This is about technology not for technology sake, but technology in service of a better life-- helping us be more human, allowing us to live our lives better.
MARC BITZER: Why would we ever bring the thermostat and washer together? That's a good question. If you look at it from a perspective of energy consumption, it's an easy one. These are big energy consumptions at the home, and these are also the ones which require a lot of day to day interaction with the consumer. You have already the thermostat communicating to the utility company, it's much easier if there's one signal going to the Nest. And that is disseminated through the household to all appliances to basically reduce consumption now, because we're the peak. It's just a tremendous consumer benefit that just happens in the background.
PHIL BOSUA: LifX is an LED light bulb that you control with your smart phone. When we first heard about the Nest developer program, we were really excited to be part of it. With Nest Protect and LifX, when the smoke alarm event is triggered, we can pulse your lights red, which can help you see in the dark, as well as give extra notification that there's a problem in the house, which is especially good if you're hearing-impaired. Nest brings this whole other dimension to LifX. Who would have thought by combining Nest products and LifX products, we could help save lives.
JOHANN JUNGWIRTH: Automotive industry is in a very deep change. I foresee that in the next 10 years, the changes are going to be more substantial than in the last 50. Likely your car today interfaces with your home through the garage door opener.
After learning about the Nest developer program, we thought about, how can we take this to the next level? How can we integrate the car better with your home? As you get into your car and drive home, the car will, in the background, send the estimated time of arrival to your Nest thermostat. So your home can be at the right temperature as you arrive at home.
Taking workload off of customers-- it will improve safety, it will increase comfort, because people just don't have to think about all these things. It's just great-- like magic in the background.
MATT ROGERS: At Nest, we believe these experiences are the future. We're able to connect things inside and outside your home to better anticipate your needs. We're already doing some pretty incredible things, but this is just the beginning. And we can't wait to see what's next.
[MUSIC CONTINUES PLAYING]
Canadian Refillable Beer Bottle
It may seem simple, but the Canadian refillable beer bottle product and service system begins with the Canadian beer industry agreeing in 1992 to unify on an Industry Standard Bottle (ISB 341ml AT2), a specific design, which can be refilled up to 16 times before being recycled. Although the Canadian brewers had partnered on refill programs since 1927, the AT2 can be given much of the credit for making the system efficient and modern.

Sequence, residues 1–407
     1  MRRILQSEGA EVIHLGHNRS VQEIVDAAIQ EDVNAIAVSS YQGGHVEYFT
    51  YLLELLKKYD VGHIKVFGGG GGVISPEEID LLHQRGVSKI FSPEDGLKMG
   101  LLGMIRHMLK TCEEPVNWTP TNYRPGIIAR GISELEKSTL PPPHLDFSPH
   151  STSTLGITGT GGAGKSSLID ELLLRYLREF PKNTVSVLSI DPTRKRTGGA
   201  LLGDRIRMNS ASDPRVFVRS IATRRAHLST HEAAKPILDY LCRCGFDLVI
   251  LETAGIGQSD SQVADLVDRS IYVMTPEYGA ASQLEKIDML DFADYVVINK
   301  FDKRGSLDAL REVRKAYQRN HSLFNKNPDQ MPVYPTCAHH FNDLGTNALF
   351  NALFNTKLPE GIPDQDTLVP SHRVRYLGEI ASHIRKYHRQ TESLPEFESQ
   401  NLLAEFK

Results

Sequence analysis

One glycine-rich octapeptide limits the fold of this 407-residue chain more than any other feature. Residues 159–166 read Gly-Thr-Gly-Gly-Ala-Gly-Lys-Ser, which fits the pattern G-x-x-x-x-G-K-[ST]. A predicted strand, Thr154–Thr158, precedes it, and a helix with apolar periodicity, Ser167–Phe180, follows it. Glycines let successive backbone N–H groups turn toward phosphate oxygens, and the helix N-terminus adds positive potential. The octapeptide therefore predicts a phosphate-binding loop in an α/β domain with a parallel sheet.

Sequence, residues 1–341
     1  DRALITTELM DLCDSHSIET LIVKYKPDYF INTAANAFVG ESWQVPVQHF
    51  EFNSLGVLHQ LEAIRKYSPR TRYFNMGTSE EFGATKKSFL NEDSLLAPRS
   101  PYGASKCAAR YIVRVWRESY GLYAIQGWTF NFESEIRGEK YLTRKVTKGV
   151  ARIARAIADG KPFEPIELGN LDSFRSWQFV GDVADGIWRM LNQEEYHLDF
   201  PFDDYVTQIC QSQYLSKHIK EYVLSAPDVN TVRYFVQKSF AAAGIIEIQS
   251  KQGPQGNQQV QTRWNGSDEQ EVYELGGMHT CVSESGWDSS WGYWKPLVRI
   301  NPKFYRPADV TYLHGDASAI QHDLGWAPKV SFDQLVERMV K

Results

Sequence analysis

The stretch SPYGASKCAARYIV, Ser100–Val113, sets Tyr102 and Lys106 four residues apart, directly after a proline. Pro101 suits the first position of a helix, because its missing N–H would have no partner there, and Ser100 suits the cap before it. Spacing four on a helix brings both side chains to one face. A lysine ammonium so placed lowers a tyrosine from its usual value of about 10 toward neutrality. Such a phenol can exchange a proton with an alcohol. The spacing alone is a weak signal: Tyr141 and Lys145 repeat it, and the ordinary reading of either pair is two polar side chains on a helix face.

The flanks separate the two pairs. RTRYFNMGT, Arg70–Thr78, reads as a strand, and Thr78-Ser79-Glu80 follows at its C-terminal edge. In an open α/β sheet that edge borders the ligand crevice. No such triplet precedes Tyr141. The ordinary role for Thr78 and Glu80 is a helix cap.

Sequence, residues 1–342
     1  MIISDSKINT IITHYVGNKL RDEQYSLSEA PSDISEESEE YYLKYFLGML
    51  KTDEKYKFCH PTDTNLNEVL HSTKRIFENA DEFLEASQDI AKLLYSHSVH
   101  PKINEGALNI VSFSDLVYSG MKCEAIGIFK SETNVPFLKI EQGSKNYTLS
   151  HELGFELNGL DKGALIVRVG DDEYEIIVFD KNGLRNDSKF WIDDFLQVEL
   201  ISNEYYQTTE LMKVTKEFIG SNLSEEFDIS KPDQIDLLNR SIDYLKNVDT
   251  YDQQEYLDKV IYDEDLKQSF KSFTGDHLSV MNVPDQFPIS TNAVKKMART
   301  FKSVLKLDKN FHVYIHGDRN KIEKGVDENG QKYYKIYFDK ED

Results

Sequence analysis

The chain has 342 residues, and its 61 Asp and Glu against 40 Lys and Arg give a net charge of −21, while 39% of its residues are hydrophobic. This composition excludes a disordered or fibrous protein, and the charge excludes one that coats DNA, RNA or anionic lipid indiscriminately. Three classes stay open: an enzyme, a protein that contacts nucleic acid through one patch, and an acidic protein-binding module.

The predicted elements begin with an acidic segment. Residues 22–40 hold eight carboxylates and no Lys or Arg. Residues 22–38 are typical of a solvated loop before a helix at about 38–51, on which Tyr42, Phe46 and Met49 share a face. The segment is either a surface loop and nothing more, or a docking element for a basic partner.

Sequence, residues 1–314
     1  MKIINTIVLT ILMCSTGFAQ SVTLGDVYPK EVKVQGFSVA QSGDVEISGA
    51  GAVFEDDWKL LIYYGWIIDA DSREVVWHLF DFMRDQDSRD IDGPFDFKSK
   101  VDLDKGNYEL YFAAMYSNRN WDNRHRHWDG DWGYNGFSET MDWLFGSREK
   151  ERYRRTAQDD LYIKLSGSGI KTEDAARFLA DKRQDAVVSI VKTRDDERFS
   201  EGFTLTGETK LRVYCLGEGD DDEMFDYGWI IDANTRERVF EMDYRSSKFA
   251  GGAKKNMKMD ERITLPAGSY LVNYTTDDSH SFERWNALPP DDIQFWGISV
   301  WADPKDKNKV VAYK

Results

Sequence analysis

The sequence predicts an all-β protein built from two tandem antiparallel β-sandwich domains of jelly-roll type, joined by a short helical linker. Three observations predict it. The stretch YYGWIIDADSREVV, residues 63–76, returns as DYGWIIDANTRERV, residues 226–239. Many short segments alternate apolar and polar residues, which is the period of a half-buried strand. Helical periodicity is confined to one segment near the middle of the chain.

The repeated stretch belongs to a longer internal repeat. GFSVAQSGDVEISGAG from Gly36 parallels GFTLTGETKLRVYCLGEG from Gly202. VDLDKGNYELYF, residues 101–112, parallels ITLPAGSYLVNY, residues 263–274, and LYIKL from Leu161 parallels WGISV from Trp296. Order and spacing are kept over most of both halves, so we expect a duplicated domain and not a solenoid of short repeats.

This seemingly simple unified system approach to collecting and refilling beer bottles has resulted in Canada having a tremendously successful and beneficial program.
From the wonderfully detailed article by Isabel Teotonio at the Toronto Star:
The Beer Store, co-owned by Labatt Brewing Company, Molson Coors Canada and Sleeman Breweries, will take back anything it sells at its 447 Ontario locations: bottles, caps, cans, cases, kegs, plastic bags. About 94 per cent of all containers and 99 percent of all refillable beer bottles are returned.
The Beer Store's deposit return system began in 1927. Since then, it has recovered 75 billion beer bottles.
In 2007, the province introduced the Ontario Deposit Return Program and The Beer Store expanded its recycling program to accept containers purchased at the LCBO and wineries for a refundable deposit of 10 or 20 cents.
That first year, 63 per cent of containers were recovered. By 2012, the return rate was 81 per cent.
The fact that all of these beverage containers aren't being created from scratch is a boon to the environment — and wallet.
According to a TBS report, in 2011 both The Beer Store and the Ontario Deposit Return Program diverted 454,478 tonnes of beverage alcohol containers from Ontario landfills, saving 2.9 million gigajoules of energy, and avoiding 205,090 tonnes of greenhouse gas emissions, the equivalent of removing 40,210 cars off the road for a year.
Keeping those containers out of garbage bins and blue boxes saved Ontario taxpayers about $40 million in waste management costs. Please watch the following 1:26 video.
Click for Transcript of A Day With a Beer Bottle Video
An empty beer bottle can be returned, refilled, and resold…all in one day.
[video images of process of returning, refilling and reselling]
While the article notes some of the reasons why refillable bottles fell out of favor in the US–transportation to increasingly distant breweries being one–we can hope that the surging market share of craft and local breweries may bring back a renaissance of the refillable glass bottle.